The NOGI Awards

By Hillary Hauser and Bonnie J. Cardone

The legendary father of scuba diving, Jacques Cousteau received one, as did two astronauts, Scott Carpenter and Kathryn Sullivan, a former dive store owner (Mel Fisher) who found the fabulous treasure of a Spanish wreck, the man who made a blockbuster movie about a supposedly unsinkable ship James Cameron, another man (Howard Hall) who makes award winning underwater documentaries in 3D, and the inventor of the Newtsuit, a revolutionary deep diving system Phil Nuytten PhD.

All in there are over 200 NOGI recipients, including founder of Ocean Geographic Society, Michael AW (NOGI Arts 2013) — these are all people who have made significant contributions to the dive industry in four different fields: Arts, Sciences, Environment, Sports & Education and Distinguished Service.

When one thinks of what NOGI stands for today – excellence in work related to the ocean – exploring it, studying it, photographing it, preserving it – it is ironic that NOGI stands for New Orleans Grand Isle, and the NOGI statuette that was first made was spawned from the awards given to the spear fisherman who got the biggest grouper, biggest barracuda, biggest shark, biggest fish in the New Orleans Grand Isle Scuba Diving Tournament – (a three day spearfishing orgy started by Jay Albeanese and Louis Cuccia in 1959). This contest pulled in scuba divers from all over the world, who got on boats and sped out to Louisiana’s offshore oil platforms to start spearing everything big. The event was an extravaganza that featured parachuting exhibitions, the inevitable posing for photos beside mammoth fishes bigger than their captors, and prizes ranged from sports cars and cash to trips to exotic places like Aruba. “Wednesday’s fishing proved that more and even bigger fish are still in the Gulf, and also brought forth certain species that had not been speared on the first day,” trumpeted the October 1959 edition of Skin Diver Magazine.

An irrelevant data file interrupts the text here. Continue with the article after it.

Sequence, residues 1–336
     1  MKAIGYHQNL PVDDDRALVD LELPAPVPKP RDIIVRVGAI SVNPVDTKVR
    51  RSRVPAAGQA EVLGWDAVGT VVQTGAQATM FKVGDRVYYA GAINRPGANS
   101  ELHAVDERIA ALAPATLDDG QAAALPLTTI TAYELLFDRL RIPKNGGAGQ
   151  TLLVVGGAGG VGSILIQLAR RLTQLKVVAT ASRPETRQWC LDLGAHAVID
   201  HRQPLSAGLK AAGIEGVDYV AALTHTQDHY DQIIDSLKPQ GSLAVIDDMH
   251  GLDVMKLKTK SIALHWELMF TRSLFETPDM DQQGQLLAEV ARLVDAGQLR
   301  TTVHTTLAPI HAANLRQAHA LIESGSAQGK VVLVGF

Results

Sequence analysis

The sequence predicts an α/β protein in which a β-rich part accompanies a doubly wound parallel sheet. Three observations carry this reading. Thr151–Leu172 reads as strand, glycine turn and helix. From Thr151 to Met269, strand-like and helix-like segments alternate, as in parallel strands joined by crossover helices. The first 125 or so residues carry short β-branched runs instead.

Of course, these were the early days of diving, before anyone had any idea of man’s impact on the ocean. In those early days, spearfishing was a natural part of going underwater. One year, Jacques Cousteau spent several days with these spearfishermen in Louisiana, both on and underwater. He is quoted as saying how fortunate the contestants were, “to have such an abundance of fish!”

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Ocean Geographic Explorer (OGX) is a diving adventure resource with a special focus on marine photography and ocean conservation. Our content is divided up into six primary categories: Travel, Sea Science,  Equipment, Photography &Video, Conservation, and Lifestyle. We endeavor be a portal for people with all levels of interest in the marine environment  to learn about and become part of a community of like-minded ocean lovers who enjoy sharing their knowledge of and experiences in our fascinating ocean world.

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